Meaning of hack off in English:

hack off

Translate hack off into Spanish

phrasal verb

  • hack someone off, hack off someoneAnnoy or infuriate someone.

    • ‘it really hacks me off when they whine about what a poor job we're doing’
    • ‘But really the only winners were the French and they were hacked off with the English weather, especially when they eventually reached Carlisle.’
    • ‘I had no business bidding anyway and it's better I lost, but the winner, a woman with money who's cornered the memorabilia market, hacks me off all the same.’
    • ‘Okay, I'm a country gal and sometimes stuff hacks me off.’
    • ‘Car culture per se puts my teeth on edge, but TV ads for cars tend to be part of the more visible opinion formation/reflection mechanism and hence hack me off.’
    • ‘If someone hacks me off now I have to tell them, because resentment leads to anxiety which leads to depression.’
    • ‘It's an important issue for us women, and for a man, any man, to feel uncomfortable about her discussing it hacks her off.’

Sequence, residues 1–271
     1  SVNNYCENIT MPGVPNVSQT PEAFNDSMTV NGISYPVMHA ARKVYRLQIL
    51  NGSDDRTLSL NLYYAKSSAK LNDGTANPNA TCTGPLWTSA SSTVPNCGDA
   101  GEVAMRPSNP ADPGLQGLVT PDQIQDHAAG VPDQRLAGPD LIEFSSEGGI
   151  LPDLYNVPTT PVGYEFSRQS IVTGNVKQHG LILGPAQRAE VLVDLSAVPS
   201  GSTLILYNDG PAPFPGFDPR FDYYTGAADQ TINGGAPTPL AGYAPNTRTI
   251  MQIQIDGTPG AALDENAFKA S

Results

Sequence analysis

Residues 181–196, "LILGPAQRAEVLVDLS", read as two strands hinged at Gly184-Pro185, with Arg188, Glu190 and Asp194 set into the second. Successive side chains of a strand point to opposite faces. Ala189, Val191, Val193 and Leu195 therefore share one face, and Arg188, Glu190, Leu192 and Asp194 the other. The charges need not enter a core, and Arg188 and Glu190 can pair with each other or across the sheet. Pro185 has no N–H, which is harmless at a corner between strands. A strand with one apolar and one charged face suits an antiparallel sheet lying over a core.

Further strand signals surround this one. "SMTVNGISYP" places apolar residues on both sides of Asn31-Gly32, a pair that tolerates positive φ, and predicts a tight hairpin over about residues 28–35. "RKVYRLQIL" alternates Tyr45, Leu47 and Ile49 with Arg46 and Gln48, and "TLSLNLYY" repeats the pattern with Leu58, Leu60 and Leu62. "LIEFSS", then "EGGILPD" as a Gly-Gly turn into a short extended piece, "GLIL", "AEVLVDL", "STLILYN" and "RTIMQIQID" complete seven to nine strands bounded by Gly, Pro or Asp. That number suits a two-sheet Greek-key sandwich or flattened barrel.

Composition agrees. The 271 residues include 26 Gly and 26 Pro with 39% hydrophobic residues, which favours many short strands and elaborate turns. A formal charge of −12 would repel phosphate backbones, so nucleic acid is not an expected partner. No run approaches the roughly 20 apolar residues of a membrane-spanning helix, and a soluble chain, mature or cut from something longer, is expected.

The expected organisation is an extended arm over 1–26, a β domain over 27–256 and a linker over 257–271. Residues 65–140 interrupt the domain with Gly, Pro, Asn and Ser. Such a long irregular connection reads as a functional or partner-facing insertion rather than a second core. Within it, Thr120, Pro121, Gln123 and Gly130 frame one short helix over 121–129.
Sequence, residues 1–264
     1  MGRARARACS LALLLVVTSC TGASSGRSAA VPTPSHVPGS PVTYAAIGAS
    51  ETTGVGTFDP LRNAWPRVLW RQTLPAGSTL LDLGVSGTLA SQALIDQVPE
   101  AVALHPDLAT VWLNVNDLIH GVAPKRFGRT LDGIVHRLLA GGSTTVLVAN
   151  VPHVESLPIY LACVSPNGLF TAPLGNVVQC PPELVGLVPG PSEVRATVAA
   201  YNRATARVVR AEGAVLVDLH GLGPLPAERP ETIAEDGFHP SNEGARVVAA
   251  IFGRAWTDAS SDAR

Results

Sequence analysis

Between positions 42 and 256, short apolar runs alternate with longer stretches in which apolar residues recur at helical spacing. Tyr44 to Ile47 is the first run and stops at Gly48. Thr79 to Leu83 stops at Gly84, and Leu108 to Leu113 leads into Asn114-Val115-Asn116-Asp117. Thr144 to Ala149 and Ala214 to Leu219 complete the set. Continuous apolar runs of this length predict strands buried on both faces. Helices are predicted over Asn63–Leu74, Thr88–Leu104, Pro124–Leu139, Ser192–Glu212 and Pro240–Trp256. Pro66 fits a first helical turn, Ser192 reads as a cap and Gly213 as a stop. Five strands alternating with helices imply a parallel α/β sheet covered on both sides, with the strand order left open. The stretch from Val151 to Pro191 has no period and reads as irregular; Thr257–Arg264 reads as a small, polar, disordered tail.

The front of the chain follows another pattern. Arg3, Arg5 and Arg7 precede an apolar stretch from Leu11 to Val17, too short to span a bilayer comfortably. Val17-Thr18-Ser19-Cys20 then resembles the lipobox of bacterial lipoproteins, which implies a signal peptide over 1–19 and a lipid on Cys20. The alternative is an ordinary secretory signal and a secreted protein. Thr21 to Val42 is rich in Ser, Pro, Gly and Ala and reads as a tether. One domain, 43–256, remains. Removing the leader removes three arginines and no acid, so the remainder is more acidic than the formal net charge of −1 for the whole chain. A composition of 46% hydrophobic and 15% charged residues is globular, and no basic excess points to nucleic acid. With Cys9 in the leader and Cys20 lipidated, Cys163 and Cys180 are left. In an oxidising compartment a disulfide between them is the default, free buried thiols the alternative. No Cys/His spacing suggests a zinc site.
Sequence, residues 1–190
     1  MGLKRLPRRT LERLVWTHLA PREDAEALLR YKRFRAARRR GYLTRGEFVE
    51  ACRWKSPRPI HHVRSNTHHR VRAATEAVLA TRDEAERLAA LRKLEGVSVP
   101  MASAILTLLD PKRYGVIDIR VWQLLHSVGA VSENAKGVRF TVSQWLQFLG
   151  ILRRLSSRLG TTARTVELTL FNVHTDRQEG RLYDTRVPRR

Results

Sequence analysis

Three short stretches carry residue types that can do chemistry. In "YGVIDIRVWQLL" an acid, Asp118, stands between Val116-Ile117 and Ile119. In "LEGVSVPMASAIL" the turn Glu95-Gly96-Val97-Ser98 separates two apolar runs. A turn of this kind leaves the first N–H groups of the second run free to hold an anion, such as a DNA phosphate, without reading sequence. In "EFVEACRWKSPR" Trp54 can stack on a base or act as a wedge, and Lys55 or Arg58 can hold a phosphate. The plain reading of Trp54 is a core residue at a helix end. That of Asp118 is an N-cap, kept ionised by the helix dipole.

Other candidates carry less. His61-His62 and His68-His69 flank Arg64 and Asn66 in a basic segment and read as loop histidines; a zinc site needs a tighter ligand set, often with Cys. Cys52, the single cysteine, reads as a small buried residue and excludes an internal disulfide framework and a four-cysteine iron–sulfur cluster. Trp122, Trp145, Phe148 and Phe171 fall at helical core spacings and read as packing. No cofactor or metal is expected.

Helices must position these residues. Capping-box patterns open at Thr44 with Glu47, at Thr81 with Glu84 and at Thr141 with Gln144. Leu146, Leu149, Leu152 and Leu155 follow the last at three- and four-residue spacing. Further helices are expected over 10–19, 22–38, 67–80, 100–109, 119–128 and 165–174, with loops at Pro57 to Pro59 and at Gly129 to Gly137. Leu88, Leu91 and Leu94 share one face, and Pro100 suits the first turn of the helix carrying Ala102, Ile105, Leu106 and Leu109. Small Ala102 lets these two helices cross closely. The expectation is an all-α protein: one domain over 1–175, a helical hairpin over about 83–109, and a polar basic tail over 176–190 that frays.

• ‘Casablanca is often called the finest Hollywood film of all time, which has always really hacked me off, I've never highly rated the thing.’
    • ‘Congratulations - not only have you lost a regular customer, you've also hacked him off enough that he'll tell all his friends and colleagues not to use them.’
    • ‘Well, there was a whole heap of hacks and they were hacked off for a whole heap of reasons.’
    • ‘The Government is hacked off that people are not very grateful.’
    • ‘It's the smug exclamation mark that really hacks me off.’
    • ‘When they did manage to win against us, they were so arrogant with their parading round the ground, it hacked us off.’
    • ‘And for those of us who'd want a game to show some semblance of purity, perhaps a little self-restraint, at least a touch of professionalism, does this deepening morass hack you off?’
    • ‘Is it me or does it hack you off when some nobody scoots off with our claret jug?’
    • ‘‘It's beginning to really hack me off,’ she confesses.’
    annoy, irritate, vex, make angry, make cross, anger, exasperate, irk, gall, pique, put out, displease, get someone's back up, put someone's back up, antagonize, get on someone's nerves, rub up the wrong way, ruffle, ruffle someone's feathers, make someone's hackles rise, raise someone's hackles